Magazine article The Spectator

Fast Bargains in the South

Magazine article The Spectator

Fast Bargains in the South

Article excerpt

I have always believed that there are some things in life, like five-bar gates and mothers' races, that are better taken at the gallop. And buying a house in France is another. France is so stuffed with beauteous houses in lovely places served by cheeky airlines that it would be easy to spend months looking for just the right one. Indeed I am sure that there are people still driving around France discussing the virtues of the Charente over Burgundy several years after they set out on a property search. But I earmarked a week last October to find a house. I knew where I wanted to live -- in the South of France, naturellement -- but I've wasted enough of my summers stuck in traffic jams on the coast to know I would go inland -- north of the Luberon (too bijou, too clichéd) but still with all that Provençal stuff going on -- restaurants under plane trees in village squares, hot sleepy vineyards and lots of local farmers and old ladies with impenetrable accents and a predilection for passing the time of day in the queue at the bakery.

The Vaucluse is to Aix en Provence what Somerset is to Dorset -- down the right end of things, if slightly further away from the coast. Indeed two of my oldest friends have lived in the area for nearly 30 years.

So, armed with their local knowledge, and my reasonable if rusty French, I drew circles around all the high ground near Carpentras, a fine provincial town once host to a French pope and bursting with civic pride and no fewer than 17 pharmacies. I wanted a view and a breeze, a pool and neighbours. Being a single woman, I have no desire to live out in the country miles from anywhere. When I scream 'au secours' I want people to come running.

And the idea of turning a wreck into a dream is a nightmare to me. I wanted to move right in.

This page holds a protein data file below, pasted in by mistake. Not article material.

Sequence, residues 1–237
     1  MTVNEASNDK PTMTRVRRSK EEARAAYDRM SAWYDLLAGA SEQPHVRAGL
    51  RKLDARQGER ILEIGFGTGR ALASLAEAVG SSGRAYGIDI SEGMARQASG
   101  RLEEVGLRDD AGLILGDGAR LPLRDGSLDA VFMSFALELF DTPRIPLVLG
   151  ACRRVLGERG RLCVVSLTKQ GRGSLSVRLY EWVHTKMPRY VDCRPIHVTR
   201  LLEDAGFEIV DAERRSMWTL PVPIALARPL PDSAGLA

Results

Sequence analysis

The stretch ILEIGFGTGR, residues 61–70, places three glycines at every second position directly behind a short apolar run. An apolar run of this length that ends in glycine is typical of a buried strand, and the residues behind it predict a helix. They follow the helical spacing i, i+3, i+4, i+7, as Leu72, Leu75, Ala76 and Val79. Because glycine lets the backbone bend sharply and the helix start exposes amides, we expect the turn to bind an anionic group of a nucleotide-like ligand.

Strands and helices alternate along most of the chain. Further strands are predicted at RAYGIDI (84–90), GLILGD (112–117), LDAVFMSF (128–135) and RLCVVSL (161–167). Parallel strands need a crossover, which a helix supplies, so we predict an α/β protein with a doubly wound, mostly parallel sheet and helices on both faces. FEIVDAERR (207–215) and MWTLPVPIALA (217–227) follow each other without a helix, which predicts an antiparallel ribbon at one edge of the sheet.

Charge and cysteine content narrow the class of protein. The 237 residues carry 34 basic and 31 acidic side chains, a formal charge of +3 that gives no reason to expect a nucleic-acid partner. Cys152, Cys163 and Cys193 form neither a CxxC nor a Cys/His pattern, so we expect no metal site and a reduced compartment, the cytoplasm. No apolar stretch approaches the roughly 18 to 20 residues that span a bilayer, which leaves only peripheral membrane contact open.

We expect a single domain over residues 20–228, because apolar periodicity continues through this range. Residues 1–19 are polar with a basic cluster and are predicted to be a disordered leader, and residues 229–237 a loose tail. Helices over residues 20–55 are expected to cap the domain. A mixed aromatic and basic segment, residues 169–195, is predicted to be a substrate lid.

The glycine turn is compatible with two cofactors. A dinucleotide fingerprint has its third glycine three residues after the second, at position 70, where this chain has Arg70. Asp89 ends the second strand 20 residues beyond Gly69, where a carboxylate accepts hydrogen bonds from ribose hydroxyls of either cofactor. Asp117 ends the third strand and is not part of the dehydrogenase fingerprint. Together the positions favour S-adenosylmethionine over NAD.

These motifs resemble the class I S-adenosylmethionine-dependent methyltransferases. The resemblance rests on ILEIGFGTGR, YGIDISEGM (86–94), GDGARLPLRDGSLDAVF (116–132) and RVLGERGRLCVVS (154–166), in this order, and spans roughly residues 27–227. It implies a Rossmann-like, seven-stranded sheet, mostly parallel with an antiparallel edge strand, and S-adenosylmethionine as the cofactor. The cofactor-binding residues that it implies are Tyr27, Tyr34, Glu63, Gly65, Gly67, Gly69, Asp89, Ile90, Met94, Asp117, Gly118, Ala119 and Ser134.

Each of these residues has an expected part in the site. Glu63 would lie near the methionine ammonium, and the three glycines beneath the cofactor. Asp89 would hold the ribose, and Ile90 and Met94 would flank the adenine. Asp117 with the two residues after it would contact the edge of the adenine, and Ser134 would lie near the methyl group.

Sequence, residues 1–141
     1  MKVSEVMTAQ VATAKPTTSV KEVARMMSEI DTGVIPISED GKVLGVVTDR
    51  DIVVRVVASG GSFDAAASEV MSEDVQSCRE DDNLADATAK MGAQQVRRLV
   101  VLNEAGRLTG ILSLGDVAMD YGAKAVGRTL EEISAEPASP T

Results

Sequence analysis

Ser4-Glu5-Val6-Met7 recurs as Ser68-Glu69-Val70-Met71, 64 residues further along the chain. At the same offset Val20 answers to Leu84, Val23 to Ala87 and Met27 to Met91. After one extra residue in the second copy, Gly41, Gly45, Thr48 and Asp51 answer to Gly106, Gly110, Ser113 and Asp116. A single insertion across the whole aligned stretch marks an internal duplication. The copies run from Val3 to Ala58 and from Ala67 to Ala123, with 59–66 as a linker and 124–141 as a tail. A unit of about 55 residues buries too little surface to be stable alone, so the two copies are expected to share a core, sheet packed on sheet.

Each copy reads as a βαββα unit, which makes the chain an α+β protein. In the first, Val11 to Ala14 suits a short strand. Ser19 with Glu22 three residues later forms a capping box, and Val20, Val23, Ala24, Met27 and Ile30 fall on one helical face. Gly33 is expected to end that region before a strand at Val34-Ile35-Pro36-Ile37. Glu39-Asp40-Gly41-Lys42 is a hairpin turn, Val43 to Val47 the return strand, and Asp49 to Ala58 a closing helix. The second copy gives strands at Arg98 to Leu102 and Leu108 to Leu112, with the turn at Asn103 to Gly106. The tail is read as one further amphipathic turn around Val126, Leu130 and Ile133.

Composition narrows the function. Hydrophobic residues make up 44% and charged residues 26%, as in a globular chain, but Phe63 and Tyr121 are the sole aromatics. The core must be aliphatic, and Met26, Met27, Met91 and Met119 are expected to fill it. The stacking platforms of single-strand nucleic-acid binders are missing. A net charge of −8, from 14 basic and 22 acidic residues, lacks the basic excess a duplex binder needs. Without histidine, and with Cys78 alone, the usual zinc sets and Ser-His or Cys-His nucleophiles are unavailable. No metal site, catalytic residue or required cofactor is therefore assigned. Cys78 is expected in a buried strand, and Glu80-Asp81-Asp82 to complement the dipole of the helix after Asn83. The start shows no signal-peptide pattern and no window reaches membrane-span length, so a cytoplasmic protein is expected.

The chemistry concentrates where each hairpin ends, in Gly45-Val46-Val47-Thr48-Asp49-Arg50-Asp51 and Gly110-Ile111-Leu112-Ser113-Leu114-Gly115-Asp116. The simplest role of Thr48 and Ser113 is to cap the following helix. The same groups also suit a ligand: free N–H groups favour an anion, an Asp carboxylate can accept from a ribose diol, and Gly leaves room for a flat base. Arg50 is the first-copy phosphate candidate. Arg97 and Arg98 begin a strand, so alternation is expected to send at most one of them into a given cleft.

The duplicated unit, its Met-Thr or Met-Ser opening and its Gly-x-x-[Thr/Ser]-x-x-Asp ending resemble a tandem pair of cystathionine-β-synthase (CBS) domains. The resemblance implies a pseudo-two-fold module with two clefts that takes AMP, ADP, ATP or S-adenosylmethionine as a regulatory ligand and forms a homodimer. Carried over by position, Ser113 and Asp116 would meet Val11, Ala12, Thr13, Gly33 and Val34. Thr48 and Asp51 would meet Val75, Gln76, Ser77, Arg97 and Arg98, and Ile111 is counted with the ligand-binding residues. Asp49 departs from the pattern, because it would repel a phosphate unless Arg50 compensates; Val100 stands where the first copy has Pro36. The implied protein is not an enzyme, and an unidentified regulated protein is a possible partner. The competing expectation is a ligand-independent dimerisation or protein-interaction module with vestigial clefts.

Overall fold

My optimism was well placed: once I found the right estate agent, I found the house. Thanks to a charming picture of a donkey in their window, I wandered into an immobilier's office in Caromb and within minutes I was drooling over pictures of some truly gorgeous houses -- most of them more suited to Brangelina than my more modest requirements. But Gilles Auquier understands exactly what the English, and indeed the Dutch and the Danes, are after -- those seductive pale yellow houses, barns and mas with blue shutters and terracotta-tiled roofs that sit so well in the landscape, the vieilles pierres that the local French so despise but the rest of us are happy to take off their hands.

Auquier has taste and he also has nerves of steel -- he suddenly found himself careering around the Vaucluse with an Englishwoman he'd never met before who wanted to find a house by the weekend. I think I convinced him of my utter seriousness when I tried to buy the first house he showed me; although utterly idyllic, it was in the middle of nowhere, halfway up a mountain where no one would hear me scream. Auquier delivered later that week when he showed me a charming 16th-century house in Cairanne, a village on top of a hill right in the middle of Le Plan de Dieu -- the rich wine-growing plains of the Côtes du Rhone. Previous owners had lovingly turned three tiny houses into one and bought some parcels of land around them so, unlike most village houses, this one had several terraces as well as a lovely big pool.

I knew it had my name on it as I passed through the mediaeval archway into the old village and drove past a sleeping St Bernard and an imposing church to the pale grey steel gates of the property. …

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